West Virginia Governor
Democrats have held the West Virginia governorship since 2000 and want to continue their dominance in light of the GOP rise in the state. With Gov. Earl Ray Tomblin (D) term limited this year, three Democrats and one Republican have emerged. On the GOP side, state Senate President Bill Cole is looking like the likely nominee. On the Democratic side, coal executive Jim Justice, one of the state’s richest men, is facing off against former U.S. Attorney Booth Goodwin and state Senate Minority Leader Jeff Kessler for the job. Goodwin is a scion of the powerful Goodwin family, which has been prominent in West Virginia Democratic politics for decades. His father is Federal Judge Joseph Goodwin and his mother is longtime state Education and the Arts Secretary Kay Goodwin. Goodwin’s wife, Amy, is the state tourism commissioner and was spokeswoman for both Tomblin and former Gov. Bob Wise (D). His cousin, Carte Goodwin, served briefly as one of the state’s U.S. senators in 2010.
With conservative Republicans controlling the Kansas Legislature and governorship, moderate Republicans and Democrats are seeking to regain control in this year’s races for the state House and Senate. Primary and general election challengers are coming to light, many of them retired teachers or education advocates with ties to the state teacher’s union and education groups. School funding has been a top issue in Kansas with Democrats and moderate Republicans upset over conservative lawmakers replacing the state’s school aid formula last year with block grants and seeking to write a new aid formula. Education was a top issue in 2014 for Democratic gubernatorial nominee Paul Davis who lost to Gov. Sam Brownback (R) and in the 2012 battle for control of the state Senate between conservative and moderate Republicans.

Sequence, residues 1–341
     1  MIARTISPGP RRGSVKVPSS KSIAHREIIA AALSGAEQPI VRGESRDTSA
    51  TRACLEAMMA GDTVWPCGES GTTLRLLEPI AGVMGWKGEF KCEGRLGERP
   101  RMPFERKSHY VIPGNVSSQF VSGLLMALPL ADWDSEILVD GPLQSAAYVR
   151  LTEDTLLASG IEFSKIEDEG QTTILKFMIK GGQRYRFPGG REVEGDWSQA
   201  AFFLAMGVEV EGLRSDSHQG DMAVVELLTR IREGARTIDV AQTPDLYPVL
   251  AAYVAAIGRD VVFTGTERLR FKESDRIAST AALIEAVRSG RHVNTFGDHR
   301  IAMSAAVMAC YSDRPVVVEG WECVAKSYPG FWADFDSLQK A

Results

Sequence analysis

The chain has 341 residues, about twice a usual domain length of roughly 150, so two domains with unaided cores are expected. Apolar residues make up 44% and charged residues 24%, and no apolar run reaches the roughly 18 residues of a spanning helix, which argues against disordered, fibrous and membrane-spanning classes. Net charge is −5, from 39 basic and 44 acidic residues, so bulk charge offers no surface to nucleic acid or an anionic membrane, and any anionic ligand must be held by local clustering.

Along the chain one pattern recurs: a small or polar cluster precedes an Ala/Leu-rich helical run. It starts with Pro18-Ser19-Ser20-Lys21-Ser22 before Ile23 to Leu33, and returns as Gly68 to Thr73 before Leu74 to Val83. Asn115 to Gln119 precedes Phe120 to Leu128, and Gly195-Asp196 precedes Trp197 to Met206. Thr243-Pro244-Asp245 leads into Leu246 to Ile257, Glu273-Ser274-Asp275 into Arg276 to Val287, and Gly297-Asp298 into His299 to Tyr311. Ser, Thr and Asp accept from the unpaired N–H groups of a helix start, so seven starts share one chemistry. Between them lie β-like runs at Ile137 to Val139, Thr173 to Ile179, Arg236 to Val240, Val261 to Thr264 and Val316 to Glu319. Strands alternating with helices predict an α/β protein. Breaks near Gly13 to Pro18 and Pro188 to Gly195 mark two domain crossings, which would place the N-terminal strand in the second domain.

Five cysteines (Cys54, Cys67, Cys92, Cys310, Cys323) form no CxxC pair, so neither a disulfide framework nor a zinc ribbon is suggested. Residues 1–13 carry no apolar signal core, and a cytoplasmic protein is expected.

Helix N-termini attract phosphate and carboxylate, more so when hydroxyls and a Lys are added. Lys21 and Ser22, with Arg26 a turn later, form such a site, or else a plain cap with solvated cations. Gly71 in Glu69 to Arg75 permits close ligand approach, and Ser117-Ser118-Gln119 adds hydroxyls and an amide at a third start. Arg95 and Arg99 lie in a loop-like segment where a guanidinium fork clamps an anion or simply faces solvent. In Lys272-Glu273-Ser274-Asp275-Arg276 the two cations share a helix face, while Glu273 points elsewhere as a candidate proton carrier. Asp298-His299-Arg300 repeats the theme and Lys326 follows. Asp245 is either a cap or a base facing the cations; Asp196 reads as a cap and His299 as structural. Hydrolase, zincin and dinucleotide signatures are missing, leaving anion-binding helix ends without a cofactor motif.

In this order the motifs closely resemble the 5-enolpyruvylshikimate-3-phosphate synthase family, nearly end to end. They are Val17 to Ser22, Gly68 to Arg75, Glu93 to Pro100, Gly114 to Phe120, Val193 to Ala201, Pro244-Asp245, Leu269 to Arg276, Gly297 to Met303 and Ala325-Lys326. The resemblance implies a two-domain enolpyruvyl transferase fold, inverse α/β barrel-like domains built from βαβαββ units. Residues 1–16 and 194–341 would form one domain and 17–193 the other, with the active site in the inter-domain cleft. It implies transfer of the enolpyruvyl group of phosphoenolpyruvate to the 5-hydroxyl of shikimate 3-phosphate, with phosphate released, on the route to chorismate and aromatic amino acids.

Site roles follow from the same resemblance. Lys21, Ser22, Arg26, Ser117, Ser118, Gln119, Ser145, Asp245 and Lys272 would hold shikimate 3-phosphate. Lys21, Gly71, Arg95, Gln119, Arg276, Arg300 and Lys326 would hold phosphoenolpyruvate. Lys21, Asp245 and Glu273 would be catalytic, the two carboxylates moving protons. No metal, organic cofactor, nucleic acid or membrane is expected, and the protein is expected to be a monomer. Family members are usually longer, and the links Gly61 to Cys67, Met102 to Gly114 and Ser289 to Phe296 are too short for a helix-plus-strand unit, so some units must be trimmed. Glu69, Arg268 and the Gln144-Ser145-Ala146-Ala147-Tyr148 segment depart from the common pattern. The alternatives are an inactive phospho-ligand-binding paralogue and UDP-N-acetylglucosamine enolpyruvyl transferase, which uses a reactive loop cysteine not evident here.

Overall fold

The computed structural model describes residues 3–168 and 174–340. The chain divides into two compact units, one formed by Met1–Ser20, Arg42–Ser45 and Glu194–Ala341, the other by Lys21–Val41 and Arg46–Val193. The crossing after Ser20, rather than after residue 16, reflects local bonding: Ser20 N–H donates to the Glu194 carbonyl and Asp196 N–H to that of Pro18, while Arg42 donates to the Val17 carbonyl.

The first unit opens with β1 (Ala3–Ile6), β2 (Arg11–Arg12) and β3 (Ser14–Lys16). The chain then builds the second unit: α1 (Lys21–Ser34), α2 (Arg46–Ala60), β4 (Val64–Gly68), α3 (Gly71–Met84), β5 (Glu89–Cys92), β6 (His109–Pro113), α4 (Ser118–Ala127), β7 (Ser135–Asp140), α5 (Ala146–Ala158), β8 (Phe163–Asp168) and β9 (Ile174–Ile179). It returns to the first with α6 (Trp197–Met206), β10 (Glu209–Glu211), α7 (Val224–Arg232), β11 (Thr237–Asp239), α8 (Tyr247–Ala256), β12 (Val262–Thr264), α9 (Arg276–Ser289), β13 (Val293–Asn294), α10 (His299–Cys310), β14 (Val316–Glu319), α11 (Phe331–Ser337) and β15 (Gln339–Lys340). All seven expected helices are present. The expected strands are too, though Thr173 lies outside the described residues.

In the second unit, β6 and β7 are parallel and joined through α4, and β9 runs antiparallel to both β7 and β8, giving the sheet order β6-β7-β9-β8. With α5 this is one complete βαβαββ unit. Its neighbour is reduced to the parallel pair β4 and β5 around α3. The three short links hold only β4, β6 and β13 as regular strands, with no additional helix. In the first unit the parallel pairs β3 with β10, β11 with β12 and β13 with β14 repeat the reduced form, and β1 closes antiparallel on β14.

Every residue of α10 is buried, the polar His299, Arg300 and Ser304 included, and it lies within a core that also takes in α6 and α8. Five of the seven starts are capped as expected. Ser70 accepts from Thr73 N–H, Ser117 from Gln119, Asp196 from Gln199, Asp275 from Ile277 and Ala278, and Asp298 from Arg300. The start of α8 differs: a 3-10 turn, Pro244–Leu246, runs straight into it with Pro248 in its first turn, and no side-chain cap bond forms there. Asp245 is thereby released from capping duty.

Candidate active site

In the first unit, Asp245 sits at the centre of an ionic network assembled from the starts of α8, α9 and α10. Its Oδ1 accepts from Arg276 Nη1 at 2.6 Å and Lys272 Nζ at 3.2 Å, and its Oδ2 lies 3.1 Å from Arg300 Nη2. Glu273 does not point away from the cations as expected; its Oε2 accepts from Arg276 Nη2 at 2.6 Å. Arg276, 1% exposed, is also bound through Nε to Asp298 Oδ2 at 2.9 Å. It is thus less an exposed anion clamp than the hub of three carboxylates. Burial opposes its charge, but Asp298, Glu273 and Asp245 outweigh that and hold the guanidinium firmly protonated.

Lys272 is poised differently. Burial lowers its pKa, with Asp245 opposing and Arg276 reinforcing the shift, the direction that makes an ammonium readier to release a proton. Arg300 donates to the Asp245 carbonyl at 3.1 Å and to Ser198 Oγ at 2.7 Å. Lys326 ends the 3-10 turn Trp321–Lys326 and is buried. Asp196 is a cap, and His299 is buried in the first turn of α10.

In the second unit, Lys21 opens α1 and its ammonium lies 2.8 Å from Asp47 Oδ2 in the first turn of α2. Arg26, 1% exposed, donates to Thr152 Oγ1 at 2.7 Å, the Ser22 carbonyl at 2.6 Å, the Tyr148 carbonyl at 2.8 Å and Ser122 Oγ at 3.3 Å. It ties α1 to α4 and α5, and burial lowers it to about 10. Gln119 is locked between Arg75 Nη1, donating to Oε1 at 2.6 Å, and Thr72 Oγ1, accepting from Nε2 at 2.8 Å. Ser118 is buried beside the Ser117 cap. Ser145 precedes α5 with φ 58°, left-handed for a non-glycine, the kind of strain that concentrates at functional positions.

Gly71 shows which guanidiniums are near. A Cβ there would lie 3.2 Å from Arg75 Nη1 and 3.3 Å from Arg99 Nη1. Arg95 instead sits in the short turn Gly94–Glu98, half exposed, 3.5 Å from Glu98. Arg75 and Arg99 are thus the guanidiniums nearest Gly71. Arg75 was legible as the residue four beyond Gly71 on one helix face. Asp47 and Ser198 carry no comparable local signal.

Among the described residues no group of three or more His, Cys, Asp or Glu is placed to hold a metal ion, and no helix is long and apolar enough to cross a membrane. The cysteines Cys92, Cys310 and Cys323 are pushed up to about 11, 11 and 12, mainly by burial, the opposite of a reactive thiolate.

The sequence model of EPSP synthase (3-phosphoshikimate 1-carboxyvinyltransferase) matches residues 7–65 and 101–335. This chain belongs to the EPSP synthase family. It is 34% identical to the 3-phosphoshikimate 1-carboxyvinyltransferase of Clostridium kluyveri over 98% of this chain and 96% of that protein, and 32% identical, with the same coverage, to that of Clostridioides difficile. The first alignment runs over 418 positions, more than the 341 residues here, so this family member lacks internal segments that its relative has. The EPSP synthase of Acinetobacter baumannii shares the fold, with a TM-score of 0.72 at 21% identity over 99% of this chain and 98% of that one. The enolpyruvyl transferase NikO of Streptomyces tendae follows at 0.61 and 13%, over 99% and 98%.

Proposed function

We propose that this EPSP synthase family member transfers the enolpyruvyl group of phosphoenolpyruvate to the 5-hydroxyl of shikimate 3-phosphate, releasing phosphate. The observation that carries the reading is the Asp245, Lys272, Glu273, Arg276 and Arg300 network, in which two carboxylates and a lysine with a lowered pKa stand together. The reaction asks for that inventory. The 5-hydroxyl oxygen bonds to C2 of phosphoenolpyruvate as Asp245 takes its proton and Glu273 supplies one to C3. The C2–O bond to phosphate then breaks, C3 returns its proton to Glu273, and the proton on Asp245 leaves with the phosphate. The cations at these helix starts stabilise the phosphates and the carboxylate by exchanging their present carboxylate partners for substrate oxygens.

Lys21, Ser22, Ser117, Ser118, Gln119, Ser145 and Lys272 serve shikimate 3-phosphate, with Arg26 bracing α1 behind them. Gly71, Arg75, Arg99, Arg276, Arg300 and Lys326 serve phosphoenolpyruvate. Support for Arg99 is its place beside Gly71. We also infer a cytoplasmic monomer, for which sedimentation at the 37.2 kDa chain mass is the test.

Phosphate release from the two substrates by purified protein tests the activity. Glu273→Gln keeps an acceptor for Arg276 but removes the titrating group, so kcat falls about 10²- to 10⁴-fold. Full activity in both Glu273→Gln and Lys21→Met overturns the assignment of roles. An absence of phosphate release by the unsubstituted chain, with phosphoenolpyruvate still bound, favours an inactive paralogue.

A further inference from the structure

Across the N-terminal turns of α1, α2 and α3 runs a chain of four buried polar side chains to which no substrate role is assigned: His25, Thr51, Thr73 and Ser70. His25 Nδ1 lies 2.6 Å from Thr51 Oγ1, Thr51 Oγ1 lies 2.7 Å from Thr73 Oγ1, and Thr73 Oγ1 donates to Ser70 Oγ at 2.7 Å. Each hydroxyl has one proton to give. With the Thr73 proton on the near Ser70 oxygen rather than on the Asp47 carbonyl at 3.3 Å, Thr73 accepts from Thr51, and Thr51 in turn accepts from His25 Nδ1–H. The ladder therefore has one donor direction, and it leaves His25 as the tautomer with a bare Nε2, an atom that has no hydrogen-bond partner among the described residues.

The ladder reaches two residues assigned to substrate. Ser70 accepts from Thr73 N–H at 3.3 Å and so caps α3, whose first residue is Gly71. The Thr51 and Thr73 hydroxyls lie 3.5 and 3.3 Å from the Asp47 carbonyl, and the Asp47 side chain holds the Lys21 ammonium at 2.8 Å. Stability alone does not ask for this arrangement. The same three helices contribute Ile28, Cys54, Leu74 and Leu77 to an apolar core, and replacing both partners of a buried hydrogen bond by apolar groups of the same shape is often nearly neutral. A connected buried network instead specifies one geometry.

New York Senate